Steamboat’s historic Brooklyn neighborhood is trending upscale
STEAMBOAT SPRINGS — The sale of a contemporary home at 65 Agate St. in Steamboat Springs’ historic pocket neighborhood of Brooklyn this week for $950,000, was emblematic of the state of the real estate market here as winter turns the corner on spring with the emergence of both tulips and house hunters just a month or so away.
“We had it on the market for five days and had three offers,” listing broker Shelley Stanford of Colorado Group Realty said. “And it appraised.”
Brooklyn, on the east side of old Steamboat, like Fairview on the east side, contains a mix of housing in a compact area — there are still small bungalows and a growing number of brand new homes that have been built on River Road along the Yampa. Plus some appealing major remodels.
Meg Firestone, of Steamboat Sotheby’s International Realty, who brought the buyers to the sale, said Brooklyn was an appealing alternative to Old Town Steamboat on the north side of Lincoln Avenue in official “Old Town” Steamboat.
“My buyers were looking for a downtown home and there wasn’t a lot to choose from in that quality of house. It seemed like it was a little over priced, but there’s not a lot of inventory out there, so, if you want to be downtown, you have to pay a higher price right now.
The three-bedroom, two-bath home with a two-car garage comprises 2,013 square feet. That works out to a sale price of $472 per square foot. The home was listed for $975,000.
“We kind of priced it like a house downtown, it’s a super cool home, built all green,” Stanford said. “It’s a very special home (built by Mark Arnold); the couple that built it insisted on avoiding chemicals and toxic products in its construction.”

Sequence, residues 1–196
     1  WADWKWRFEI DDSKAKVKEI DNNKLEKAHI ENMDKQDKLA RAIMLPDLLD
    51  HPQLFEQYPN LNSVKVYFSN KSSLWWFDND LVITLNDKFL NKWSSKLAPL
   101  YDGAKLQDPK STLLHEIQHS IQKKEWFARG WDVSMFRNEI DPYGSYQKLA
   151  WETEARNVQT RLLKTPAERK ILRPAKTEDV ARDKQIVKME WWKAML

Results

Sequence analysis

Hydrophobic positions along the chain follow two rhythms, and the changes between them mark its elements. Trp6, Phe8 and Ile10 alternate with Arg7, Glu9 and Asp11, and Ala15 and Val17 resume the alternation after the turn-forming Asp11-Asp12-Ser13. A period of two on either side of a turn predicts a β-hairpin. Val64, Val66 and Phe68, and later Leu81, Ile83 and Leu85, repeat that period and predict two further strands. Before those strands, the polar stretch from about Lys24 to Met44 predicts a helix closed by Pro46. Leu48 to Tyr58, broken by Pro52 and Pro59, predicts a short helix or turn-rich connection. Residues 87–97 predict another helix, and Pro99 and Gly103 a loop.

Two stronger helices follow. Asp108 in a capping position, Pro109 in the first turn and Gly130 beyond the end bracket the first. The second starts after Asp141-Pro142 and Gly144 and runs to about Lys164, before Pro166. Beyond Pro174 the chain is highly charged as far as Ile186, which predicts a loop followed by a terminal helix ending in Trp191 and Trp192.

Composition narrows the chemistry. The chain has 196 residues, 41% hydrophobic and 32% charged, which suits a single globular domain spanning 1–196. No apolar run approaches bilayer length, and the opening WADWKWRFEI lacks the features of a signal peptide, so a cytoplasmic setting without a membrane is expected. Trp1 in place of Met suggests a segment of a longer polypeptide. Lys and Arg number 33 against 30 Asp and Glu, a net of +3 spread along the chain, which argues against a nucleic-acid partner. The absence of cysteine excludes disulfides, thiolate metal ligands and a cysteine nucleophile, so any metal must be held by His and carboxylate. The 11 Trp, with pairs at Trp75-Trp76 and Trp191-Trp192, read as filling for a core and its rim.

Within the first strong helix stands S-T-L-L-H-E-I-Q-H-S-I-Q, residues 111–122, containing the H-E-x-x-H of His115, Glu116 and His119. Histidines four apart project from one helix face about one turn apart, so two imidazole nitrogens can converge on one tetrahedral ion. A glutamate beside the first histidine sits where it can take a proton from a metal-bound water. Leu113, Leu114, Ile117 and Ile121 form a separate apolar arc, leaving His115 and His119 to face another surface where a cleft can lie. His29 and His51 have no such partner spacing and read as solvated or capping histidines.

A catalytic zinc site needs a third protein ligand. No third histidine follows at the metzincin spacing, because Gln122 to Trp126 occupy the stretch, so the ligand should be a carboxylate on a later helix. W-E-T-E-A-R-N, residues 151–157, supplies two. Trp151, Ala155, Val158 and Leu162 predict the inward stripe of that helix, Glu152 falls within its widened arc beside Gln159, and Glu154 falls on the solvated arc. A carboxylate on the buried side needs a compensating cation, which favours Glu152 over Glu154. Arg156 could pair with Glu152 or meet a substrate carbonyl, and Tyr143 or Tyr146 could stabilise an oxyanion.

And it didn’t hurt one bit that the house on Agate Street is even closer to some of the best trout habitat on the town stretch of the Yampa, than it is to the restaurants at the west end of Yampa Street.
“The buyer likes to fish,” Firestone said. “He can just walk over to the river.”
Stanford said her clients liked to hop on their bicycles to go downtown.
But the ability not just to easily access downtown, but hiking and cross-country skiing on Emerald Mountain/Howelsen Hill, without a need to get in the car, is a big plus, Stanford said.
The building materials in the home include corrugated tin on the kitchen cabinets and tinted concrete floors both on the first and second levels. There are many custom touches throughout.
To capture a view of the ski trails on Mount Werner, the bedrooms are situated on the ground level, with the kitchen and living room on the upper level. That strategy allowed for an ample deck with enviable views of the slopes.
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